Over 300 rare and endangered plant species will be relocated for better protection and a regeneration center will be established in southern China within two years, said the Botanical Garden of South China.
Dr. Ren Hai, director of the garden, said that the new project involves a total investment of 35 million yuan (US$4.2 million). The capital will be used to set up reservation areas around the plant’s original habitats in collaboration with the local forestry bureau and the agriculture bureau. More than 300 rare and endangered plants will be resettled in the botanical garden for the purpose of exhibition, research and regeneration. The total number of plants in the Botanical Garden of South China will be increased from 6,000 to 10,000. In addition, the garden will develop a database for each species.
Southern China has many ancient plant species and Guangdong Province has 66 species listed in the Plants Under State Protection, including the black tree fern, the Chinese yew, the Guangdong pine, and the Tsoong’s tree (Tsoongiodendron odorum Chun). The living environments for these plants have changed dramatically and many rare plants are on the verge of extinction. People have had to adopt new measures and the botanical garden will become the new home for many of the plants. Dr. Ren Hai admitted that the biggest challenge in moving the species to the garden is creating a similar growth environment. For example, there are more than 300 kinds of longans. All longans are closely linked to each other and are affected by a variety of inherited characteristics. We need to collect all possible kinds of longan for study and research. If one kind happens to have a natural immunity to a particular disease or pest, they can be cross bred with other kinds through disease-resistant research.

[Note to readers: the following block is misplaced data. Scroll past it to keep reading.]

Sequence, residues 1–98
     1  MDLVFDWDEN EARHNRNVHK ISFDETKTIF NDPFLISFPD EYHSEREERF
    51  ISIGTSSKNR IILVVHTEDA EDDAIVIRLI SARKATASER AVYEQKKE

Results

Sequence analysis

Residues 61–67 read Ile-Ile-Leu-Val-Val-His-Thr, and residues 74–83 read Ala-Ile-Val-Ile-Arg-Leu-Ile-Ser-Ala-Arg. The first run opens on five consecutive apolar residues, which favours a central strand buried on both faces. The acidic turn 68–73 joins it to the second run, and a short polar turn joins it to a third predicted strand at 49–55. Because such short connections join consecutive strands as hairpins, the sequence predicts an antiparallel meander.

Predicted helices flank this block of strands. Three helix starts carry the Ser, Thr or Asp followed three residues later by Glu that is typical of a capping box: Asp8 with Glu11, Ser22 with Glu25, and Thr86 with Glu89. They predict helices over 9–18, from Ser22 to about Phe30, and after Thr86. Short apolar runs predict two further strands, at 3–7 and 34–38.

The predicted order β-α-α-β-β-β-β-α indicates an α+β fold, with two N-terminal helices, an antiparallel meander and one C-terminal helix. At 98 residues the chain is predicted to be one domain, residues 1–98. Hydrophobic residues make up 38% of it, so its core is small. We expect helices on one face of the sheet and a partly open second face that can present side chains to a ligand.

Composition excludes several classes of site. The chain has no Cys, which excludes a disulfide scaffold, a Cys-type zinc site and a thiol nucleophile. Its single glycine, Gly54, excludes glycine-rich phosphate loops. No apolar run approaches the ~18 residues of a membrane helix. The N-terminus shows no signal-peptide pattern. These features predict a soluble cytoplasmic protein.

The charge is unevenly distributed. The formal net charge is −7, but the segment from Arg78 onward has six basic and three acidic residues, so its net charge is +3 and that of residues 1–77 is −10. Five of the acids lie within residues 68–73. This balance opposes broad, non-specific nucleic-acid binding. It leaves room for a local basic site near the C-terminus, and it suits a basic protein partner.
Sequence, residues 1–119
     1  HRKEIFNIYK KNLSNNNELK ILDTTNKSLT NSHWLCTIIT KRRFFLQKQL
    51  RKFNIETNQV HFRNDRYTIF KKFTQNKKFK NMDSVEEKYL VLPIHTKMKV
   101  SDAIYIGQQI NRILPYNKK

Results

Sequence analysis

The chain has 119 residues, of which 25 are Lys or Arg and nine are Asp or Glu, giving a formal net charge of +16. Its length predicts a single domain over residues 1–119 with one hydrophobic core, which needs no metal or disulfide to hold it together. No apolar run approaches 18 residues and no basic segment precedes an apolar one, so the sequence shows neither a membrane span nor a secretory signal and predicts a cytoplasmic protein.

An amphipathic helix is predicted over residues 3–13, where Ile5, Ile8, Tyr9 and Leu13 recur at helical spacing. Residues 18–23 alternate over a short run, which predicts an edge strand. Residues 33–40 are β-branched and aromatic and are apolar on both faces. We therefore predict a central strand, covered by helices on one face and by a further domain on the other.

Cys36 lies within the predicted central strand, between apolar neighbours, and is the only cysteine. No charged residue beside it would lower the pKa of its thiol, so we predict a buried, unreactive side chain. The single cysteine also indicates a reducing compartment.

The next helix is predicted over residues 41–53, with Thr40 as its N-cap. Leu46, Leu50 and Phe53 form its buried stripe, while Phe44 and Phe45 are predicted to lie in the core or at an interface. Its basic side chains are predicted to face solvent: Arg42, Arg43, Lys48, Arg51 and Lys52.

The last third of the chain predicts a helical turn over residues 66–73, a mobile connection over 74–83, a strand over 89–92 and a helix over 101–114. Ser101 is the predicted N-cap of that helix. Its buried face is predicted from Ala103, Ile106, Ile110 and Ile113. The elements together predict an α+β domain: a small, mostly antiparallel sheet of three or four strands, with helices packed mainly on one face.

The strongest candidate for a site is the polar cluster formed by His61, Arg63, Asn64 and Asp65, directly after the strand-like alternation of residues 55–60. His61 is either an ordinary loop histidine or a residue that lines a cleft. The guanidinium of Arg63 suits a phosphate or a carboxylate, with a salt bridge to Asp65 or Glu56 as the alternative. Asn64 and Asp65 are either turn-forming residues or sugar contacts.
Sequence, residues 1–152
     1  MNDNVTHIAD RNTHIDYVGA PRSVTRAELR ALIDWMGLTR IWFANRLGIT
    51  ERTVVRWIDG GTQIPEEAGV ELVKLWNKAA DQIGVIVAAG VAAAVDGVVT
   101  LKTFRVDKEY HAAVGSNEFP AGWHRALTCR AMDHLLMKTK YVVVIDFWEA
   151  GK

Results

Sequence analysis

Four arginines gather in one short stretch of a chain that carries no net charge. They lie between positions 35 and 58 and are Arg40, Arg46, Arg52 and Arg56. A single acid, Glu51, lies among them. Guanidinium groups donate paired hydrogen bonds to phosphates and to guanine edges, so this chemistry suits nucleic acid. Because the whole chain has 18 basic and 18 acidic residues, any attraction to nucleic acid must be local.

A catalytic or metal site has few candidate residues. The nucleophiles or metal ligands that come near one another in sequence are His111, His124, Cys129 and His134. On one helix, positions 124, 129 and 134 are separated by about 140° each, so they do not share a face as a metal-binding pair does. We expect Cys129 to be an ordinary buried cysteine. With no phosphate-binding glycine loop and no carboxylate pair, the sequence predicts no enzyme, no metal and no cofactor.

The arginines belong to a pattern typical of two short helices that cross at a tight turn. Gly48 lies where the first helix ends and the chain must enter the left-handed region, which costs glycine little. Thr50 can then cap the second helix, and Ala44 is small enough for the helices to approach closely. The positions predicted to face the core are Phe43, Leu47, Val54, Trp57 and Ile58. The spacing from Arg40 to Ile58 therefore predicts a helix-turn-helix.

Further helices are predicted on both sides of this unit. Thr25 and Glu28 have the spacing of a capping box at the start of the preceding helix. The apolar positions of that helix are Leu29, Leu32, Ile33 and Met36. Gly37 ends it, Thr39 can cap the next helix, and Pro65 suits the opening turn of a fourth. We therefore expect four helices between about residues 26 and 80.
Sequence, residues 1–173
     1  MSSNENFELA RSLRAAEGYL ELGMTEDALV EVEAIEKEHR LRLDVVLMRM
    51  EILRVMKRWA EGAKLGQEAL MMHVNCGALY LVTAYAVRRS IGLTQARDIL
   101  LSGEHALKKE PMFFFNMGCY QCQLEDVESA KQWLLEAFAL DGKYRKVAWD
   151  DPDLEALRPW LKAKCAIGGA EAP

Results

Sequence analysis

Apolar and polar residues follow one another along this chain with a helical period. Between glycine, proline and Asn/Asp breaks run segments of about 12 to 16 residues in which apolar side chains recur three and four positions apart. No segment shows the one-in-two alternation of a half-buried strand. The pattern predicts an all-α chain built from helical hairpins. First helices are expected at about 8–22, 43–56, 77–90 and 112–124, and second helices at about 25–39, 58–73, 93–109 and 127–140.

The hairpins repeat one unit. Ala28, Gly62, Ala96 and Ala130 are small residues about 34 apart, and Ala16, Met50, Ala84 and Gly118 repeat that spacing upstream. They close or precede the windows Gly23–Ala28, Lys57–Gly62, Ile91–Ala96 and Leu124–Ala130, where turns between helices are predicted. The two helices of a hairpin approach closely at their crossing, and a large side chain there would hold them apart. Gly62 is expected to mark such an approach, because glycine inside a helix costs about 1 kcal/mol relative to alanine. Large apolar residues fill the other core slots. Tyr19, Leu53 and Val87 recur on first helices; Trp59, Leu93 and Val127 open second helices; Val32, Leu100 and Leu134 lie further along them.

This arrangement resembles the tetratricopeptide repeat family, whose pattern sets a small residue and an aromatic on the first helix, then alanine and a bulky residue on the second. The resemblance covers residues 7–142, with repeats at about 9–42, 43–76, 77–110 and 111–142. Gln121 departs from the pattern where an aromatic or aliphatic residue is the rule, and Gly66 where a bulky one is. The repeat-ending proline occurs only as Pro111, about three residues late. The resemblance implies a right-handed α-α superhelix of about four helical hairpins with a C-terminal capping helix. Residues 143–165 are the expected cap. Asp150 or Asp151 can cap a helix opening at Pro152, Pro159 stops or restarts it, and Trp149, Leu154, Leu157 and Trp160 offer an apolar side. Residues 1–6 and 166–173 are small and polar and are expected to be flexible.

China has one of world’s largest reserves of plants. However, among its 33,000 plants 15 to 20 percent are considered endangered species.
The protection of China’s plant species has been listed as one of China’s Knowledge Innovation Projects. There are three important protection areas that have the richest varieties of plants. One is southwest China’s Xishuangbanna, another is south China, Hainan and Guangdong, and the other is in the Qinlin Mountain Ranges in the northwest.
(China.org.cn by Zhaomeng December 16, 2002)